The overall diffusion parameter $D\xaf$ is also varied, and the colored circles and diamonds correspond to $D\xaf=1.5\u22c510\u22123$ and $D\xaf=0.75\u22c510\u22123cm2/ms$, respectively. Figure 6 shows that the non-homogeneous situation has a dramatic influence on the AP velocity. We observe an overall decrease in the velocities with respect to the homogeneous case. The large fluctuations of the local velocity imply that the velocity computed in the non-homogenous case cannot be easily related to the homogeneous case as evidenced in Fig. 5. In Sec. IV B, we propose an empirical nonlocal relationship between the AP velocity and the conductance values. This relation will be a necessary ingredient for performing the stability analysis in Sec. IV B.

To summarize, one finds that the tissue with non-homogeneous conductance displays a strong dispersion in the local AP velocity. This is especially true when the speed (and conductances) are low. The relationship between the dispersed state and the corresponding average velocity has been measured in our system. An analytical theory (such as, e.g., a mean-field calculation) able to explain our numerical findings of Fig. 6 is beyond the scope of the present paper.

## IV. REDUCED DESCRIPTIONS

In this section, we aim at explaining, through a series of reduced descriptions, the origin of the multistability phenomenon that was observed in Sec. III (see Fig. 4). The main idea behind the simplified model is to decouple the dynamics of the action potential from the dynamics of the GJ. We want to demonstrate that the onset of the instability leading to the multistability is to be found in the GJ dynamics. We, therefore, computed a typical AP, shown in Fig. 7 and saved it as a data vector with a sample discretization time of $\delta t=0.01$ ms. In the following developments, whenever we needed the value of the AP in between two sample points, we obtained it using a straightforward linear interpolation between these two points.

### A. A single GJ dynamics

Let us start with the simplest model that consists of a single GJ that connects two myocytes (Fig. 8). In this case, we have a non-autonomous first-order differential equation for the GJ dynamics,

where $\Delta \varphi =\Delta V=V|2\u2212V|1=V(t\u2212\Delta t)\u2212V(t)$ is the difference in potential between the two cells. The time delay $\Delta t$ is the time it takes for the AP to propagate from Cell 1 to Cell 2. Considering that the distance between the two cells is fixed at $\delta x=100\mu $m, one readily computes that $\Delta t=\delta x/c(g)$, where $c(g)$ is the function that relates the AP speed with the conductance. This function has been evaluated once for all from the results of simulations of the full model with different constant values of the GJ as indicated by the blue dots and the green fitting curve in Fig. 6. The fitting curve is given by Eq. (10).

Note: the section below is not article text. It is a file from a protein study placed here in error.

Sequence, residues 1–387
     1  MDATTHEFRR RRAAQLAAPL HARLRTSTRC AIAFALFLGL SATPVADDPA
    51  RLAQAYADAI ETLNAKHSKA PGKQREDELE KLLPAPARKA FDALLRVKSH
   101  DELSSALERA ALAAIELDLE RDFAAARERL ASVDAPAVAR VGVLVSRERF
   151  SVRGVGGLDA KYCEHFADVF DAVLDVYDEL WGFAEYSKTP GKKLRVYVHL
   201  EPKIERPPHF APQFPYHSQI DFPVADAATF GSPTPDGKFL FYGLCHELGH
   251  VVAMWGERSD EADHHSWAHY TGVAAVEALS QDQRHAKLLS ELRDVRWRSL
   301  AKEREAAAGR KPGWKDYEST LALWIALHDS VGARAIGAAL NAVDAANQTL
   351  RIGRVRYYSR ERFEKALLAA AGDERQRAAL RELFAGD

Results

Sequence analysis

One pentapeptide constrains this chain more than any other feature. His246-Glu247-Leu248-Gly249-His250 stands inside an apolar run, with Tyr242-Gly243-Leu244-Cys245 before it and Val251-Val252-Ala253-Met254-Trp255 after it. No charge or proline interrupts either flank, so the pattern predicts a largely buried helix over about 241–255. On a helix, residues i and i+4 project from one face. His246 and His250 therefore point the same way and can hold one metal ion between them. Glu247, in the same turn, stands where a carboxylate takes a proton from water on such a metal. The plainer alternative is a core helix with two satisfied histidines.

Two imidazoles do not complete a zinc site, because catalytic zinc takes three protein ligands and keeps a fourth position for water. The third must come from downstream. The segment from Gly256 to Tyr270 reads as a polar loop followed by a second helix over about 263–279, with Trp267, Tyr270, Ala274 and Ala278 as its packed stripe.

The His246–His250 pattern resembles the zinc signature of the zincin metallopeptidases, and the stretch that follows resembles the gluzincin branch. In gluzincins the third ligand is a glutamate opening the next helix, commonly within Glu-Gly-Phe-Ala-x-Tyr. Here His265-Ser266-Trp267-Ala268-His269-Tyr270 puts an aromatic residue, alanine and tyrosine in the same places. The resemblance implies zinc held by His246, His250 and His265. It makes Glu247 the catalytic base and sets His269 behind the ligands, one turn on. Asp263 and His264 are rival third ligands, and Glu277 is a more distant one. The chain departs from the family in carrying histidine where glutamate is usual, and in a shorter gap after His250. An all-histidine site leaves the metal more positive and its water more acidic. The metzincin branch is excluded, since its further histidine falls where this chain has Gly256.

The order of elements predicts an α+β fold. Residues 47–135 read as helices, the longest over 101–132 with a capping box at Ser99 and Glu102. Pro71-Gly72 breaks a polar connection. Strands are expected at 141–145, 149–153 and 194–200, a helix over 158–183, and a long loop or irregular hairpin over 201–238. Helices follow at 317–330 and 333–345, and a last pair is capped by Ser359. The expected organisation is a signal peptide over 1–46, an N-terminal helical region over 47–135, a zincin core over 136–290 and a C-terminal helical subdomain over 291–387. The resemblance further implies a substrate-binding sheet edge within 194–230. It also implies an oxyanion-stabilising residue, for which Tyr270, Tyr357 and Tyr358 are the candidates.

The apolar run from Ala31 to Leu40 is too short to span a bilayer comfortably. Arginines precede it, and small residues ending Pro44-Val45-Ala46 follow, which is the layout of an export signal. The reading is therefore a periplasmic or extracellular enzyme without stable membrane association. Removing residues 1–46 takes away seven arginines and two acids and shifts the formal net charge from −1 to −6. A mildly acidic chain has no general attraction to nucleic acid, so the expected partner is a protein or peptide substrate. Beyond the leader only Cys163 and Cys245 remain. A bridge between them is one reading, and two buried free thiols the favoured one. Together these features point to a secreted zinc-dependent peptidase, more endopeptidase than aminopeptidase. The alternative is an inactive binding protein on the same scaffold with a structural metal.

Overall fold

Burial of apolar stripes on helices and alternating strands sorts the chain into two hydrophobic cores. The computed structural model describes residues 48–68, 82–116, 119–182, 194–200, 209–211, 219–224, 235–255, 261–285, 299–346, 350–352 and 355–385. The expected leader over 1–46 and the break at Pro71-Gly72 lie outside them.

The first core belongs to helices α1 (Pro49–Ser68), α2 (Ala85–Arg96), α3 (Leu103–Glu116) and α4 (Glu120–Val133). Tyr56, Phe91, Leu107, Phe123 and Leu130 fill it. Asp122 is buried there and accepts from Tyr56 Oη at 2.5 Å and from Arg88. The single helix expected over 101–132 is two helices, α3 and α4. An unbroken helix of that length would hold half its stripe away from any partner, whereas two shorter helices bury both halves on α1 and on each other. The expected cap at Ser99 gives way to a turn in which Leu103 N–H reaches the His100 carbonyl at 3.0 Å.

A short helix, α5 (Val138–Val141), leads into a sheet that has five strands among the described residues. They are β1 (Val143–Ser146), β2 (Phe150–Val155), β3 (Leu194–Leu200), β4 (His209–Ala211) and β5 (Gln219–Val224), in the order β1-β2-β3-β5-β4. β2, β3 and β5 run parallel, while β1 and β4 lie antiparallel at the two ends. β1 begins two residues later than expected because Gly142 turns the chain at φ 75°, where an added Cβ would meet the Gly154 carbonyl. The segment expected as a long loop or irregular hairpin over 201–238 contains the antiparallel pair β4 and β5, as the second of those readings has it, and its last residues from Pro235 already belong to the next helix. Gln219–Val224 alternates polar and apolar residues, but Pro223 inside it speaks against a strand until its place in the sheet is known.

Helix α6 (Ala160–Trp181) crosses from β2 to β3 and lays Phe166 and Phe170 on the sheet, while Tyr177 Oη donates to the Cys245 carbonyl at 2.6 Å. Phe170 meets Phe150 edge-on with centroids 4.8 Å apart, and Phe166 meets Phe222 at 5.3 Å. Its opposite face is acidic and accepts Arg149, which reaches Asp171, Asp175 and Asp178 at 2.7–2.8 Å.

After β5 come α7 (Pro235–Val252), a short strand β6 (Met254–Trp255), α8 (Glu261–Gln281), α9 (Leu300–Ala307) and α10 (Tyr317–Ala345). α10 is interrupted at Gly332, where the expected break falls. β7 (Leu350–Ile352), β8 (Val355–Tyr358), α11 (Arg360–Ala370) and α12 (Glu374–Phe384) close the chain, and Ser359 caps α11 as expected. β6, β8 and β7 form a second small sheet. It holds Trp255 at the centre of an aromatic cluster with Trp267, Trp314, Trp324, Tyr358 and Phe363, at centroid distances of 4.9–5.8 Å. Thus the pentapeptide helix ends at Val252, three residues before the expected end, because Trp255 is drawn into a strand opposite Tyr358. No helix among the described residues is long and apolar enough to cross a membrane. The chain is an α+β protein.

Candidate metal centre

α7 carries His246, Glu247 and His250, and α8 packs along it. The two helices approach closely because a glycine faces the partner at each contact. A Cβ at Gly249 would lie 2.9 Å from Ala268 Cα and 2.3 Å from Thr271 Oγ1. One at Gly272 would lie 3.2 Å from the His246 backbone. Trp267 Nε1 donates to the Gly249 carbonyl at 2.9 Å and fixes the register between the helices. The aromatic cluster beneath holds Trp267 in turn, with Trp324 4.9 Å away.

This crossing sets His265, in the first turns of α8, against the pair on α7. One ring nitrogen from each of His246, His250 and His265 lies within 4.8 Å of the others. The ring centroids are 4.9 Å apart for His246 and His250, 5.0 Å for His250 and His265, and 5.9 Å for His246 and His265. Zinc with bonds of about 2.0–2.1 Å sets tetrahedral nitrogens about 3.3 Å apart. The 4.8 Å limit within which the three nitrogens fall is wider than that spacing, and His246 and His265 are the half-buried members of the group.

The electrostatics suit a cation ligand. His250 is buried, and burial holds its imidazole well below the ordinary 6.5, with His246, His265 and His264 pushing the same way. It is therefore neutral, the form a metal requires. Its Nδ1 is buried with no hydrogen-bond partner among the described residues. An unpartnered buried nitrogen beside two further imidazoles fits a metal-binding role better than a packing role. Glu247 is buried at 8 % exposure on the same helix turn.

Therefore, in this simple model, we have a single differential equation, Eq. (11), that is forced by a periodic function that is perturbed by the value of the gap junction itself (strong perturbation). This makes the analytical solution of Eq. (11) quite intractable, and we rather proceed to solve the equation numerically.

We study the dynamics of the equation by scanning two of its parameters that are the previously defined shrinking factor FS and the initial value of the GJ. In Fig. 9, we collect the results of the converged final state for three different initial conditions [$g(0)=0.1,0.25,0.4$] for the value of FS in the range between 1 and 3. In addition, by launching many simulations for intermediate initial conditions, we were able to compute numerically the unstable manifold (indicated as a dashed blue line in Fig. 9) that separates the two basins of attraction.

Some comments are in order for the analysis of the results presented in Fig. 9. First, the final states plotted in the figure are not fixed points but rather periodic limit cycles (LCs) with a period equal to the period of the forcing (here, $T=480$ ms). To represent the limit cycles, we use the standard Poincaré map section technique that is very handy to study the stability of periodic cycles. Therefore, we have represented in the diagram of Fig. 9 only one representative point of the corresponding limit cycle. Second, Fig. 9 shows two fold bifurcations at approximate values of $FS1=1.46$ and $FS2=1.72$ that defines a bistable region. In this region, we observe the hysteresis phenomenon that is typical of subcritical bifurcations. Indeed, for intermediate values of the parameter FS, we observe the coexistence of two stable limit cycles. The chosen dynamics essentially depends on the initial condition. This bifurcation diagram is reminiscent to what it is observed with the Duffing oscillators.^{47} As an example, let us illustrate in more detail what happens in the bistable region when FS = 1.67.